CHRI works to promote the practical realisation of Human Rights in countries of the Commonwealth. We focus on building and reforming systems of governance which are essential for the protection and promotion of Human Rights. Our work is split into two core themes: Access to Information and Access to Justice, which includes Prison ReformPolice Reform and advocacy on media rights and the South Asia Media Defenders Network (SAMDEN). CHRI additionally works to monitor the Human Rights situation across the Commonwealth through our International Advocacy and Programming (IAP) unit. We engage in advocacy at the global level and make formal submissions to treaty bodies and inter-governmental agencies, including the United Nations Human Rights Council (HRC) in Geneva. CHRI has also begun work on strengthening institutional response to issues of discrimination on grounds of skin colour and appearance.


CHRI believes that the Right to Information is fundamental to the realisation of economic and social rights as well as civil and political rights. Informed participation by all must therefore be guaranteed through increased access to public information.

CHRI believes that the right to information must be guaranteed by a strong legislation and the process of law-making itself must be participatory and informed by the realities of the community concerned.

CHRI works to raise public awareness about the value of the right to information. It collaborates with community based groups, catalyses the development of networks of concerned civil society organisations and seeks out the specific information needs of the people and communicates them to policy makers in various ways.


The extremes of poverty and wealth and the extreme power chasm between citizens and those in power has led to unbalanced, corrupt, power-hungry, decrepit and failing justice systems in many of the Commonwealth countries. Without a fair and effective justice system, democracy fails.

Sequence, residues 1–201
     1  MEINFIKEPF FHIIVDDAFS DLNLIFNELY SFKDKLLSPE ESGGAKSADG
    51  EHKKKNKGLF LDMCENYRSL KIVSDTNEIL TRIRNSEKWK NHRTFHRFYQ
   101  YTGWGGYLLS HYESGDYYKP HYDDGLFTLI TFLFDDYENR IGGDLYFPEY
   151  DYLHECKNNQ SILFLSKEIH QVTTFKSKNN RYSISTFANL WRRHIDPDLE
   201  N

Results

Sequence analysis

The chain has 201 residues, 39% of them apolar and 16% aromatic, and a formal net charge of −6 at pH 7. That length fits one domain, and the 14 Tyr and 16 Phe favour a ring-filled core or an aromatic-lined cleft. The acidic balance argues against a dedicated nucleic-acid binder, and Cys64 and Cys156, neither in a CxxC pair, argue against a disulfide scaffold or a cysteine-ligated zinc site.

People must know about their rights; once they do, they must receive justice for crimes committed against them. This becomes even more crucial when authoritarian forces in charge do not act with integrity, honesty and fair practices toward their citizens. In order to combat this lack of justice, CHRI works towards developing accountability for the powers-to-be in two main areas: police and prison reforms.

These two crucial areas ensure that citizens are not unjustly arrested, tried, manhandled, bullied or tortured by corrupt police forces. Underpaid and under-resourced forces become greedy, corrupt and thus penalise the poor for their very existence. The politics that go hand-in-hand with this has often led to unfair practices towards those without means. For the millions of people, this system has already swallowed into overcrowded, understaffed and unhygienic prisons, CHRI raises its voice. This traditionally closed system needs to be exposed to the scrutinising eyes of the public. CHRI works to help develop infrastructure to uphold the rights of pre-trial detention prisoners and long prison over-stays.

By increasing accountability and transparency and lobbying governments to take greater notice of the justice systems that are supposed to protect their citizens, not harm them, CHRI works to right these wrongs.


The International Advocacy and Programming (IAP) oversees CHRI’s broad mandate of working for the practical realisation of human rights in the countries of the Commonwealth. While other programmes in CHRI deal with fixed thematic areas, IAP operates through several strategic interventions that would together help have a positive impact on human rights in the Commonwealth and complement the work of other programmes.